1. Complete provisional licensing requirements: In each counseling field, there are requirements for contact hours, or direct experience hours of working with clients, following earning a degree.This is around 3,000 hours.As these hours are completed, the clinician-in-training reports regularly to a licensed supervisor who ensures they are providing appropriate services, and helps to train them further in any needed areas.Sometimes this is completed within a community setting, but may often be done within agencies or inpatient programs as well.

    Depending on the field, the clinician may have what’s considered a provisional license until these contact hours are completed and signed off by a supervisor.

  2. Complete any required licensing exams: Each field also requires its own types of licensing exams.These can vary depending on the state and type of license.Resources and assistance are typically offered to help clinicians prepare for these exams.
  3. Consider choosing a specialty: Many find it helpful to focus on a specialty area of practice.This helps you hone your craft, and can make you marketable in a community setting. Options for specialties vary widely.Examples include play therapy, family counseling, working with teens, trauma therapy, cognitive behavioral therapy, and many more. The area of specialty can take into account your own interests and experience, the needs in your region, and the jobs or pay available for those specialities.

The area of specialty can take into account your own interests and experience, the needs in your region, and the jobs or pay available for those specialties.

  1. Once you decide on a specialty, you can seek out additional training and certifications in that area.This may require more supervisory hours, where you check in with a supervisor to ensure you understand and are applying the counseling method effectively.You can focus on this specialty either during your provisional license training, after you become independently licensed, or both.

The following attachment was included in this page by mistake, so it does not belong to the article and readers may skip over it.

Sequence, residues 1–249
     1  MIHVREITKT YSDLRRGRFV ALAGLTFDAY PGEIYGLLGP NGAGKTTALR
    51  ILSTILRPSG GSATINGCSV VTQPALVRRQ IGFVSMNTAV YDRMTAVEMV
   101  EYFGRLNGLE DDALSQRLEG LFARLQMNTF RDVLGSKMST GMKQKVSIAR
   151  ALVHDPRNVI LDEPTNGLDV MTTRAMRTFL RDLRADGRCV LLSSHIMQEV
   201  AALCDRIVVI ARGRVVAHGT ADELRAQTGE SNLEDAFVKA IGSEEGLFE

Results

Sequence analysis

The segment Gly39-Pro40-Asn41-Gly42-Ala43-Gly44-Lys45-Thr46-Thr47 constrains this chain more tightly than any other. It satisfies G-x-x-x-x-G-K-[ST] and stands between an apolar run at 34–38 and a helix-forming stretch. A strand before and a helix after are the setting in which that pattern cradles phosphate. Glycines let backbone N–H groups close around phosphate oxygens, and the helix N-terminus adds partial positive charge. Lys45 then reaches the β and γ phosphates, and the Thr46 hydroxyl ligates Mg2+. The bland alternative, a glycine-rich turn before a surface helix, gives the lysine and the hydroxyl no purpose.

2. Become an independently licensed counselor: Once you have completed your schooling, experience hours, supervision and testing, you are now free to practice mental health counseling on your own, in a variety of areas, within your state.You may work for a community agency, a non-profit, a government agency, group practice, or open your own practice.

    You may contract as an individual with organizations looking for counselors or related services.

  3. Continue growing through experience and training: Once you have completed the initial process of becoming a counselor, you may find much freedom in practicing therapy. You will also likely find that you are just beginning. As you build up experience, work with different types of people, and participate in additional training (which is required of licensed counselors), you will improve your skills and may find new areas of interest.It may sound like a lot of work, time, and cost that go into becoming a mental health counselor.

    Each person can weigh those requirements against what they feel driven to do.

    For many, counseling is a rewarding field that’s well worth the effort.

To Learn More on How to Become a Mental Health Counselor & How to Grow Your Solo Practice, Join Our Therapist Network!